“And we’re getting better — it’s showing, it’s paying off.”
UNC flexed its defensive muscle to pull away from Virginia (11-6, 3-3 ACC) in the first half, the team’s best of the season, according to Ruffin-Pratt. The Tar Heels turned blocks, steals and errant UVa. passes into 17 points off turnovers.
UNC finished the opening half with nine steals, including three by the tenacious Ruffin-Pratt.
Ruffin-Pratt’s line also featured eight assists.
“At the beginning of the season, (playing point guard) was a task that I wasn’t really used to,” Ruffin-Pratt said. “And it got to a point where I was like, ‘I don’t want to do it anymore.’
“But the coaches trust me with the ball in my hands, so if they trust me, I trust myself.”
The scoreboard soon became lopsided as UVa.’s carelessness continued and UNC’s defensive vice-grip tightened. UVa. would score just three points in the final 7:55 of the first half.
Not helping Virginia’s cause was a mismatch at center. The Cavs’ undersized starting five, including 6-foot-3-inches center Simone Egwu, had no answer for the imposing 6-foot-6-inches Waltiea Rolle.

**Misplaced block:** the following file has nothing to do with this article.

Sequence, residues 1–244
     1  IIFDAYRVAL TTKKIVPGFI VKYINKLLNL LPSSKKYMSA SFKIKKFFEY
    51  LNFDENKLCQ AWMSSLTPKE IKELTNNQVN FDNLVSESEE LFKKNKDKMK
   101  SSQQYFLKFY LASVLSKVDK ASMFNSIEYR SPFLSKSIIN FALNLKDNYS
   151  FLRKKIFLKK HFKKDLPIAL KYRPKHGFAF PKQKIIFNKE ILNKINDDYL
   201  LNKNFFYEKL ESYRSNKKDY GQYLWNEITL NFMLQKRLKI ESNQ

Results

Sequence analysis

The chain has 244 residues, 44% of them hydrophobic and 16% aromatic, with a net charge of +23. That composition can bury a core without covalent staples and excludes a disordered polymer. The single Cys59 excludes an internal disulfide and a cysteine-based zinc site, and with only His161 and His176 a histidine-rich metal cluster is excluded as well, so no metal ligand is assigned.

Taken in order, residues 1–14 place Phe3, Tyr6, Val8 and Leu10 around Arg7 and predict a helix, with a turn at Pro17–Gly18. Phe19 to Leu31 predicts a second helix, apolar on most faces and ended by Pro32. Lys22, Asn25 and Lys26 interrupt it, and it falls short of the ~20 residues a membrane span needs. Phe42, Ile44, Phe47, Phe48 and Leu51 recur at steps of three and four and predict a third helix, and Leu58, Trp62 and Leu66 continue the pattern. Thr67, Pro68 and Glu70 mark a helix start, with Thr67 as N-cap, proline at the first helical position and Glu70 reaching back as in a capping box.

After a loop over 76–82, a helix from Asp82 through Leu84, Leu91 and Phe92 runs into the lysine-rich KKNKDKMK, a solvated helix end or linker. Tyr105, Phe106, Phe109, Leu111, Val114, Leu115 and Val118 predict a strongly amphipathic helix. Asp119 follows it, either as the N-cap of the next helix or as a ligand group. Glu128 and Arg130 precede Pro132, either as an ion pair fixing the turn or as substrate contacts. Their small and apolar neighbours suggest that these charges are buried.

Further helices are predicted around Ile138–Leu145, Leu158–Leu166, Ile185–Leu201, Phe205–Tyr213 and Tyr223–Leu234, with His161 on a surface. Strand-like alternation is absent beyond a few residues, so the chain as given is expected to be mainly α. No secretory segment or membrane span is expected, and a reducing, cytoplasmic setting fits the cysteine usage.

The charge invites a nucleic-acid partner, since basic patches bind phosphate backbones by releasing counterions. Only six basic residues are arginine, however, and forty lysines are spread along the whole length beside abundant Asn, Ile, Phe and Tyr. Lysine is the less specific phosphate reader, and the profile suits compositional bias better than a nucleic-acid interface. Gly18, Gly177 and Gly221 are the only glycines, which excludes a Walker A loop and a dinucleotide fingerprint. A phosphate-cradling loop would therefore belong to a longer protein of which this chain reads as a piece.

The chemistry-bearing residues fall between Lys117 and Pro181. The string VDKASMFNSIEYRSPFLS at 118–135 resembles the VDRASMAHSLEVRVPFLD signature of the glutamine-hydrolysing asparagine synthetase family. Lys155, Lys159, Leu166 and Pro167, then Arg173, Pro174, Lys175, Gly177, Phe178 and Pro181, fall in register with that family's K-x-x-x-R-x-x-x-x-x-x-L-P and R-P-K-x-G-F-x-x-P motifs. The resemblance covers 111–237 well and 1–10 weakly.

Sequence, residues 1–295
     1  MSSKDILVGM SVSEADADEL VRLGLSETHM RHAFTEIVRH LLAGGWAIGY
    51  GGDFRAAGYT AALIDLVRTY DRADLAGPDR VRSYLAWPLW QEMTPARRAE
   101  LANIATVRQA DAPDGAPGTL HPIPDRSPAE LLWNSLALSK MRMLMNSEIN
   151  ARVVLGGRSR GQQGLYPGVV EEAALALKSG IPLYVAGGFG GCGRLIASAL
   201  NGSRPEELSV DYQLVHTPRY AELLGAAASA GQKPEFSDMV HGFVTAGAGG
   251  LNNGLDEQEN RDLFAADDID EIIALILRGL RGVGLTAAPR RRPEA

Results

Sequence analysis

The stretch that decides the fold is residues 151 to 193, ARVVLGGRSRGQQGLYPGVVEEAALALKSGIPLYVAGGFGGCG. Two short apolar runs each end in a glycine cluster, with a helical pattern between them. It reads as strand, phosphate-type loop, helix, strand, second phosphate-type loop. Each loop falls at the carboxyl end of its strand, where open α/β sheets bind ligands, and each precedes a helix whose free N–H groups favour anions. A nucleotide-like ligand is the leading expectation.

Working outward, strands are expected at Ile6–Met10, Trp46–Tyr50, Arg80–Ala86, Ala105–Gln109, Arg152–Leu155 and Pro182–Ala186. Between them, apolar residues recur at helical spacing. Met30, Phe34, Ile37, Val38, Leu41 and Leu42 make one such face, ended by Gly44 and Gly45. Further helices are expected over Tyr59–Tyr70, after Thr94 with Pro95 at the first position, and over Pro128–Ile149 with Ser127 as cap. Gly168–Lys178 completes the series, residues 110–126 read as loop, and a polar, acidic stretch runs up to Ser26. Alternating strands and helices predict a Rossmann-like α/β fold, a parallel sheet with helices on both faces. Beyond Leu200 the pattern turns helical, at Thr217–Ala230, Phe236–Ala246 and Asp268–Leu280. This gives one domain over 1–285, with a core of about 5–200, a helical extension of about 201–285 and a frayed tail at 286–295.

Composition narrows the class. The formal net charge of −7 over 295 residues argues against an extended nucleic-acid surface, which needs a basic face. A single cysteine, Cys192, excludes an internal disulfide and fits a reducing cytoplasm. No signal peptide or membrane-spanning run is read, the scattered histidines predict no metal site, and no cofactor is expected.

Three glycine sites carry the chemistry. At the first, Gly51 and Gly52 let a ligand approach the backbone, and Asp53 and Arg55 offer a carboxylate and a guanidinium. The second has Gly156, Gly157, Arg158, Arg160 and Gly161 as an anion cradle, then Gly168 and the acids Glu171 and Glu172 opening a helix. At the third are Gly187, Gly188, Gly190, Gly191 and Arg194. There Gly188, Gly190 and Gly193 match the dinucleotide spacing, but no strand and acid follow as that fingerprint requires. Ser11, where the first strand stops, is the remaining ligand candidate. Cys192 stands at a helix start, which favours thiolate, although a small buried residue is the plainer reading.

Rolle accounted for more than half of UNC’s 26 points in the paint, with the Cavaliers mustering just 16.
The ACC’s reigning Rookie of the Week Xylina McDaniel scored 15 points and grabbed nine boards in 29 minutes.
The freshman forward epitomized the Tar Heels’ relentlessness early in the second half. With her team up by 22, McDaniel got her own rebound below the basket as three Cavaliers descended on her.
She wrestled her way through contact and drew a foul.
“I just feed off of my teammates — every single person,” McDaniel said of her effort. “Once I see them pumped up and doing good, I’m like, ‘Oh, I’ve gotta get in here too and get some action.’”
That enviable energy bled from the locker room sign onto the floor. Hatchell was not sure who hung the sign, but she endorsed its simple message.
“That’s sort of the mentality we want to have — attack on offense and defense.”
And that attack is making life a pleasure for the Tar Heels.
“It’s fun — we’re 18-1. And this is a really good group of kids to coach,” Hatchell said.
“I tell you, I really enjoy them. And they’re listening and learning and paying attention. And they have a lot of chemistry, and this makes it fun for the coaches.”
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